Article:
We have all been there— signing up for the JLPT, buying a couple of study books, but then getting so tied up with work we forget to put in any hours of study. Before we know it, the test day arrives and we end up hoping our hands magically guide our pencils to the correct answers. Our scores all come down to how much effort we put into improving, but it’s difficult to keep motivated and stay excited about everyday studying. I will share what I learned to prepare for the test and tips for the big day.
The best feeling when taking a test is knowing the information like the back of your hand, and what better way to do that than to let it soak in naturally! Buy yourself the middle-school level movie books from Book Off and read them as often as you can. The best thing about them is that the stories are familiar and the words repeat and come out in different books. They also are cheap. Depending on how popular the story is, the price can range from 100 to 300 yen.
If you are big on Japanese phrases such as 「継続は力なり」(Roughly translated as “Continuation is power”), the Seinfeld Method works great because you can visually see your progress! Just by simply crossing out a day on the calendar if you accomplished your goal gives you a great energy boost and more confidence on the day of the test. If it’s your goal to finish a page in Nihongo So-Matome and you manage it, then grab that big red marker and watch your calendar slowly fill up with those X’s!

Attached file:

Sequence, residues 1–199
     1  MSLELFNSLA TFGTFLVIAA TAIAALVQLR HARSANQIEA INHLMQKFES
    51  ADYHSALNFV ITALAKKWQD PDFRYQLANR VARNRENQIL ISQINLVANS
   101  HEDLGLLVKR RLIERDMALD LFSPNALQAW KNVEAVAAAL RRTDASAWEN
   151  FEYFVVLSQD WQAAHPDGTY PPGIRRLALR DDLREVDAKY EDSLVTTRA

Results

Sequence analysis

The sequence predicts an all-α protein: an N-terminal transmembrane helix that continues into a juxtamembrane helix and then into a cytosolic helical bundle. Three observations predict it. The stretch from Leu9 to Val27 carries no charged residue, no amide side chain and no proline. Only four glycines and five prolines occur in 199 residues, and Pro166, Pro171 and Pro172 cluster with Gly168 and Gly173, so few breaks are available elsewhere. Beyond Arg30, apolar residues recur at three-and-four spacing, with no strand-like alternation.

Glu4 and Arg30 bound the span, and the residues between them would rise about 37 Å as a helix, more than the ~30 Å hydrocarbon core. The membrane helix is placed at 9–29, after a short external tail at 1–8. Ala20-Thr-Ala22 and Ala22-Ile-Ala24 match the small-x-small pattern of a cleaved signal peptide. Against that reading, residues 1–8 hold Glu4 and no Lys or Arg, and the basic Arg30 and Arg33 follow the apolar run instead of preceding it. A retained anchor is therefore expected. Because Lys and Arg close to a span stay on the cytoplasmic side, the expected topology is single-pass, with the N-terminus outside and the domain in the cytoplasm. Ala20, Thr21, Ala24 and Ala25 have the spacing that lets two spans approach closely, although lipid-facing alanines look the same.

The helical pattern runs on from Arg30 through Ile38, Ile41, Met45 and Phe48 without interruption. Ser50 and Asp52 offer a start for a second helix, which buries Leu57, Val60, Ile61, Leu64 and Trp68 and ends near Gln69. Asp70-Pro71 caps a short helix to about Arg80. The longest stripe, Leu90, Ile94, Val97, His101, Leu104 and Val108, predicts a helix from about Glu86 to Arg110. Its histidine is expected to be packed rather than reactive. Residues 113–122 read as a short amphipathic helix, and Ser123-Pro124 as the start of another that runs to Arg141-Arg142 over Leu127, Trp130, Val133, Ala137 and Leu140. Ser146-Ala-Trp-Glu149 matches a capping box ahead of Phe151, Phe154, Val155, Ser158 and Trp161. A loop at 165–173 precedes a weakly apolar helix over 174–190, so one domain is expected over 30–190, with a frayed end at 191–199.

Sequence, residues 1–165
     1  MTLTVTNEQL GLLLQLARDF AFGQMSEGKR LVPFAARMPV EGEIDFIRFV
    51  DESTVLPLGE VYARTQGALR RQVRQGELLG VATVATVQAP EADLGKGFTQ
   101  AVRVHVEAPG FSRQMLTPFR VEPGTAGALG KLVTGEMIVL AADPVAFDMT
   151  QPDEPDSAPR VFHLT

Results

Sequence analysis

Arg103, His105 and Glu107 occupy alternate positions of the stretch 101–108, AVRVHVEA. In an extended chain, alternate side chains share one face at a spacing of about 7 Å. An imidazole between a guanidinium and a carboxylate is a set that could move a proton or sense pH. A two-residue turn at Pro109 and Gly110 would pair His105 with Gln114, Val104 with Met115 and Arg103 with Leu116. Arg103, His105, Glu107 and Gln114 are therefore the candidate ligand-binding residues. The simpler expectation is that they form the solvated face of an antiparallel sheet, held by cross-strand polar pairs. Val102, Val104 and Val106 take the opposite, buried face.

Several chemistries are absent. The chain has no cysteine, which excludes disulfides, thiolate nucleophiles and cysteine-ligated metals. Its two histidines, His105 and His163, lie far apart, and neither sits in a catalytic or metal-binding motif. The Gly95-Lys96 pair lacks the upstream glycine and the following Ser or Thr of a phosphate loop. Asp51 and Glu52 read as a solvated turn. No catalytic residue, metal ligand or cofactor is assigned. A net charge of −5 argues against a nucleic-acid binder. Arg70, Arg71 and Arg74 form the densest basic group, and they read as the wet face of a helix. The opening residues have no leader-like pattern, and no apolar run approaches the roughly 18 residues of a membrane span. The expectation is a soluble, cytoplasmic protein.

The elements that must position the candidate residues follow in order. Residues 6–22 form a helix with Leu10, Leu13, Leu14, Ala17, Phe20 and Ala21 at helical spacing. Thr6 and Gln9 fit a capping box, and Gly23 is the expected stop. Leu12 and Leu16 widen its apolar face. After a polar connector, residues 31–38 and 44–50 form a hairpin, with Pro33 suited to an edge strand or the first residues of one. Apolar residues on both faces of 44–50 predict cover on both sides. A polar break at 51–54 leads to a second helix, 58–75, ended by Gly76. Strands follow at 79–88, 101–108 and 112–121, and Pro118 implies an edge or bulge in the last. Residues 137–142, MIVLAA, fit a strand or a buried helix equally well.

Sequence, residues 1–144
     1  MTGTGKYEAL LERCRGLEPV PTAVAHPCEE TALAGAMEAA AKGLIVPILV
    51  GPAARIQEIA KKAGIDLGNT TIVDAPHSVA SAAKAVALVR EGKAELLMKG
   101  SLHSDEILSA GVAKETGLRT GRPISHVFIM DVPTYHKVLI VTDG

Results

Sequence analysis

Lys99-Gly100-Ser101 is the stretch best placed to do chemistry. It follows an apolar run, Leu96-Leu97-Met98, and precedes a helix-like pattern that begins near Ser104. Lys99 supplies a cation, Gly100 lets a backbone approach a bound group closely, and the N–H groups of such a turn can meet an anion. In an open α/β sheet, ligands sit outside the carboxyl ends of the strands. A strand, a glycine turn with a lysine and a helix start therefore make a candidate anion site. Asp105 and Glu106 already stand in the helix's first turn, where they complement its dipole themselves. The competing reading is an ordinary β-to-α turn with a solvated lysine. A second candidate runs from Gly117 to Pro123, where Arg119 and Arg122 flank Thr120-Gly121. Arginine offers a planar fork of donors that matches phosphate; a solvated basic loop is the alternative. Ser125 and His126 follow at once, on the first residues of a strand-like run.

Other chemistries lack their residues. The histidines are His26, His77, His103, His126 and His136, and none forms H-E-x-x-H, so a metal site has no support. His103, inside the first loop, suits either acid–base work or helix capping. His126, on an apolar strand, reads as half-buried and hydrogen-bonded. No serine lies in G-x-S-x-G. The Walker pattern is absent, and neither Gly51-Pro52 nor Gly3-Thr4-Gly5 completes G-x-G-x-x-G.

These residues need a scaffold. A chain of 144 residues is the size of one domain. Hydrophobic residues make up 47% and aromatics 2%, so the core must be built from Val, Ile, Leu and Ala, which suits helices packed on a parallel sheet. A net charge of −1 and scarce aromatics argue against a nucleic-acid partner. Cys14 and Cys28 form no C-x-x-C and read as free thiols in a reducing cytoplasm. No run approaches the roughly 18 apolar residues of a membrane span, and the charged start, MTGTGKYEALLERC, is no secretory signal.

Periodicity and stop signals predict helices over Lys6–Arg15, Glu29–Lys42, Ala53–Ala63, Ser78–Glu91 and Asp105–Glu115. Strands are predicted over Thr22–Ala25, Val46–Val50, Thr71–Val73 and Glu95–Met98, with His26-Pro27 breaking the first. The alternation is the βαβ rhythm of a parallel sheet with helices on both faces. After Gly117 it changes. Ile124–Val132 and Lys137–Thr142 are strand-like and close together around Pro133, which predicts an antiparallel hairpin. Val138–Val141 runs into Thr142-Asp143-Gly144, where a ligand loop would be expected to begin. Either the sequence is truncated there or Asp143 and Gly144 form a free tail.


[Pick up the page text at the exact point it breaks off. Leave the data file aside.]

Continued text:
Show your Japanese friends your textbooks often and laugh about the unnatural Japanese that might pop up or the words that aren’t used in everyday conversation. Ask them what could be better expressions and the reasons for the sentences sounding strange. If you have these kinds of talks, not only do you become more familiar with the words that are on the test, but you don’t have to sound like the textbook when you actually speak.
Don’t forget the basics. You need a watch, a couple of 3B pencils, a pencil sharpener, eraser, and your ticket for the exam. They are really strict about the things that you can have in front of you and don’t even allow you to have your eraser in the case. Be sure to take those things out and have them ready! You don’t want to waste precious test minutes on a simple mistake that could have been avoided!
Try to wipe away all the bad experiences from your memory of high school and university exam times. It’s so easy to complain with friends about how difficult it is, but it comes down to studying and keeping a positive outlook. You don’t need any bad vibes when you are busy circling the multiple choice questions.
The exam is available for you to test your current knowledge and is nothing to be taken personally. There is always next season for a re-do!
You will have much more in common with the other people taking the test than you think! Not only did they all take the big leap of faith to Japan, but they are also trying their best at getting more involved with the culture and the language. During the break in the afternoon, there will be so many new people to talk to and friends from different crowds to get to know. You will be happy to leave the test-taking venue with some new personalities in your life and the high chance of acing your JLPT!